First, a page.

Back in the mid-1950s, Medtronic was a bit like Mobile Jazz today. A young company led by a couple of folks with a passion for science and innovation, determined to build technologies that would improve people’s lives.
Then in 1958 they delivered their battery-powered pacemaker, a world-first which helped turn Medtronic into the world’s biggest medical device company, a giant of the Fortune 500. Days before we wrote this article, Medtronic published an earnings report showing annual revenues of over $30 billion.
So, when Medtronic asked us to work with them, it felt a bit like David helping Goliath. But, over the course of our two-year partnership, we became a major part of the Medtronic story. In fact, they say we helped revamp their entire approach to project management.
In this article, we’ll detail the agile project management techniques we used to handle such a big account. If you’re a small provider looking to attract and retain major companies (or, on the flip side, if you’re a major company looking to hire a smaller firm) this piece will provide some useful takeaways.
- How we came to work with such a massive company.
- How we went beyond above and beyond the original brief.
- How our project management strategy brought mutually beneficial results.
When a huge corporation approaches us, they rarely want to change anything fundamental about their service or organization. They simply need a project to be delivered quickly.
This was the case with Medtronic. They’d been working with a major consultancy firm to maintain the entire web infrastructure of their European Diabetes branch, spanning 30 countries.
Medtronic had their own servers, but they needed managing and the project was highly complex, involving everything from backend and frontend programming to design and content management.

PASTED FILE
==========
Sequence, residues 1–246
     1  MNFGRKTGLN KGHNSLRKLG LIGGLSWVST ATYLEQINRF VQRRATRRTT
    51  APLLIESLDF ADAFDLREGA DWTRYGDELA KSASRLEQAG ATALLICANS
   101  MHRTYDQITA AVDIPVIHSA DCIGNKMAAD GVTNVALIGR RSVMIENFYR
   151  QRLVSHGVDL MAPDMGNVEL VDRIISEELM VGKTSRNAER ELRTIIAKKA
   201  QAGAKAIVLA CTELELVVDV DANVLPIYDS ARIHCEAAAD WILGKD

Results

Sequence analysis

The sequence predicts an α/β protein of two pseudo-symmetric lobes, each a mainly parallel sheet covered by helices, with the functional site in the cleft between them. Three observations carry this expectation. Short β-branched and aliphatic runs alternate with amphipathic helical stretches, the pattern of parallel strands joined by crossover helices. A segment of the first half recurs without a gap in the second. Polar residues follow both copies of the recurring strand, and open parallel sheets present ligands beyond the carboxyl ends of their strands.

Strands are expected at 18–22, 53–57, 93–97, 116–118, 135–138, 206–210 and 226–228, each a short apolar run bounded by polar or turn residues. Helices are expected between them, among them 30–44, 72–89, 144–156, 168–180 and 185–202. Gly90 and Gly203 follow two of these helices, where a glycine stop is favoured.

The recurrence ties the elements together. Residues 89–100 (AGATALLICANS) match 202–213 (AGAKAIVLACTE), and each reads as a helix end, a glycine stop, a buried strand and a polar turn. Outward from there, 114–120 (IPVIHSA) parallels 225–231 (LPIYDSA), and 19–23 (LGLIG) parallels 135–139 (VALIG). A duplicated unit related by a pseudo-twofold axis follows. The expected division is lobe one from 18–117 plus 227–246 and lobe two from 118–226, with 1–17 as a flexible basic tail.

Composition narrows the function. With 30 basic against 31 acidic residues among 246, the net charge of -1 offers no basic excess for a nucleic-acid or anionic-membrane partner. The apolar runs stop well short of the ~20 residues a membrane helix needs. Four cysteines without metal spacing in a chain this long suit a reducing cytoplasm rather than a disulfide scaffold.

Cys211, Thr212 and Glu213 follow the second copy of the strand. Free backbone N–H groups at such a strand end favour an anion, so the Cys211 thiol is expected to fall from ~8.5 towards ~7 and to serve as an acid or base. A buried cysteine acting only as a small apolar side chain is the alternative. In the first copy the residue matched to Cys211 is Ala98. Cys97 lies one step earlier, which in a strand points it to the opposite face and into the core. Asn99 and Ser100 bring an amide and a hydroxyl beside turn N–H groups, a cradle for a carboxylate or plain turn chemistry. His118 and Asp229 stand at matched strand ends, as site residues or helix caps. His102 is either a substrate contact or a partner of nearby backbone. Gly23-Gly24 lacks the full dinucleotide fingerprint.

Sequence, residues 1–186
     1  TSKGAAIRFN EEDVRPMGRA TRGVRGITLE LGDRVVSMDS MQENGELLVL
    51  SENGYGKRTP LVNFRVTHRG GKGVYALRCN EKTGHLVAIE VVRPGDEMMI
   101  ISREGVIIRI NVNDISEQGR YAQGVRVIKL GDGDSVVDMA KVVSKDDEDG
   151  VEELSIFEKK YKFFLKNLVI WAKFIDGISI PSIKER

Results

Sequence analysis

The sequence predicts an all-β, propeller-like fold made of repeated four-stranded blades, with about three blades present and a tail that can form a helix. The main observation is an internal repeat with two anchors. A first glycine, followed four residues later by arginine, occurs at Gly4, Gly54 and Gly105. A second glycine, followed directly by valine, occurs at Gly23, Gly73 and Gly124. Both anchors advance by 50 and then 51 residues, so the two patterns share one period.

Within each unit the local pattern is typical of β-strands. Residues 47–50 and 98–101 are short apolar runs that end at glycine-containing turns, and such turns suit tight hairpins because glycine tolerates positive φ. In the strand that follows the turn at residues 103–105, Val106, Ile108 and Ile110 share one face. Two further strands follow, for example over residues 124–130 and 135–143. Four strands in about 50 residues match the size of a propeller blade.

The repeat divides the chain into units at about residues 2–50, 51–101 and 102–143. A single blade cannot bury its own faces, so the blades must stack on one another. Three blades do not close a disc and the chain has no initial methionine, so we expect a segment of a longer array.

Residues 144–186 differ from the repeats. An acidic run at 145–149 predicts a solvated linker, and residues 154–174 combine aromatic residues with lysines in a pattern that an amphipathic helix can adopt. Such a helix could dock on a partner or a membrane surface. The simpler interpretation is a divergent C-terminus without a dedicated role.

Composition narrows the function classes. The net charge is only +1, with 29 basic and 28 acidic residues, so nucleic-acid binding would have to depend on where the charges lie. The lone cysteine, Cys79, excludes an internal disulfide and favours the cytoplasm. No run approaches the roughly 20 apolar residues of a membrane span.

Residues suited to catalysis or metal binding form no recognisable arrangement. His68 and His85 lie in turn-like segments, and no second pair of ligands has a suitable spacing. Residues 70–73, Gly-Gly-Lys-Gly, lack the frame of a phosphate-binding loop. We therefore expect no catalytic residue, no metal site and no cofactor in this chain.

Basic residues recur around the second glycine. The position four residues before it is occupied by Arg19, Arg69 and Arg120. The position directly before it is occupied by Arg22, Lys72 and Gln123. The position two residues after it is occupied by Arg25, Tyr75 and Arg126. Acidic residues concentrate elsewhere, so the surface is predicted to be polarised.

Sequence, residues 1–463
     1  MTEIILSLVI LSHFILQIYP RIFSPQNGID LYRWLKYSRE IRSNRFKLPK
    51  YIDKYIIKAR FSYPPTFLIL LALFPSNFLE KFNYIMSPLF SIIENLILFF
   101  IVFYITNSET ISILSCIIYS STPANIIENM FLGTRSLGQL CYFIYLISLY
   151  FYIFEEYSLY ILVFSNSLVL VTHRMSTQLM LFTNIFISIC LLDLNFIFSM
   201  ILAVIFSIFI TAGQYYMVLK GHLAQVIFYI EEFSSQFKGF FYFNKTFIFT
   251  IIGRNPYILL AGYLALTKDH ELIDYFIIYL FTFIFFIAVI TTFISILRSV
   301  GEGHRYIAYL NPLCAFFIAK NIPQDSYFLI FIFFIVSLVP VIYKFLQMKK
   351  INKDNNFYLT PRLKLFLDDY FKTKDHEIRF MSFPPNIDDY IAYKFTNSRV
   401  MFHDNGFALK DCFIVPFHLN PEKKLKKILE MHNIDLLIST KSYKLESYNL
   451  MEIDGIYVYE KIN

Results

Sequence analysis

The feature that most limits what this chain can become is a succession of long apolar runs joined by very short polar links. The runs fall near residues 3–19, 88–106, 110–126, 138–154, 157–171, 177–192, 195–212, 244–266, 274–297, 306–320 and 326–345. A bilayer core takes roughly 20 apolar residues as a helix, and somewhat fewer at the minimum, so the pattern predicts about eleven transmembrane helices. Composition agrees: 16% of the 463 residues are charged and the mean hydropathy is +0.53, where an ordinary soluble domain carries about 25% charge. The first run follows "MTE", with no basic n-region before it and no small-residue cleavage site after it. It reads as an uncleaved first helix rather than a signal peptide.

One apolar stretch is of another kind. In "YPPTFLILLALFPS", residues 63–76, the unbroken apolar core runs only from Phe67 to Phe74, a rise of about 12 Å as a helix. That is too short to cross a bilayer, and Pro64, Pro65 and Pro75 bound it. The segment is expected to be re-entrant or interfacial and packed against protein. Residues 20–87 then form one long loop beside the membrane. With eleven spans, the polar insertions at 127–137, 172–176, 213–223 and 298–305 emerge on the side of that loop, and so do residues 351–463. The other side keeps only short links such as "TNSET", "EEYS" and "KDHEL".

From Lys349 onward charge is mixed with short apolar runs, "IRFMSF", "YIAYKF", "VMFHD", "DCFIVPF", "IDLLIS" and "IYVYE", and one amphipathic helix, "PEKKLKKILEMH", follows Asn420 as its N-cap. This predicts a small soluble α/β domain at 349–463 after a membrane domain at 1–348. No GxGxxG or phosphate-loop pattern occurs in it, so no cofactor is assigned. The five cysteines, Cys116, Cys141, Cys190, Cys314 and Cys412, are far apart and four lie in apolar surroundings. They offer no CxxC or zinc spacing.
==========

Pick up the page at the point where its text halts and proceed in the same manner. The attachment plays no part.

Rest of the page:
Partly due to inefficient communication between Medtronic and their previous supplier, the project had become bogged down. Each time the Medtronic diabetes team required an adjustment to their website, it was costing them vast amounts of time and money. Medtronic now needed a more agile, responsive service.
Initially they asked us for a new corporate website (which could be translated into seven different languages) to complement the existing Medtronic diabetes sites. What’s more, they wanted to manage it themselves. So we built the entire site from scratch using WordPress, a content management system (CMS) which powers more than half the websites in the world.
For small-scale web projects, WordPress is great. You can tweak the pre-installed themes to build complex websites, and the technology is straightforward. What’s more, the WordPress CMS can be used at the back end as well as the front, so the Medtronic diabetes team could edit their content without requiring any programming knowledge.
From Strength to Strength
The benefits became apparent immediately. Before hiring Mobile Jazz, Medtronic had been forced to wait up to two weeks before deploying a single change, and pay hundreds of euros. Now, it was a case of “you change the text, we deploy it.”
So they offered a bigger project, which would cover the entire Medtronic diabetes portfolio for Europe. We would be challenged to maintain over 30 existing websites, and build several more.
Naturally, this involved a huge amount of work: we started out with 150 retained monthly hours and finished up devoting over 500. What’s more, we faced major technical challenges from the get-go.
The original Medtronic diabetes sites were built using an old version of the Drupal platform, which was impossible to update and carried lots of technical debt. However WordPress, even the latest version, lacks the flexibility needed if you’re building a whole bunch of new sites. Something different was required.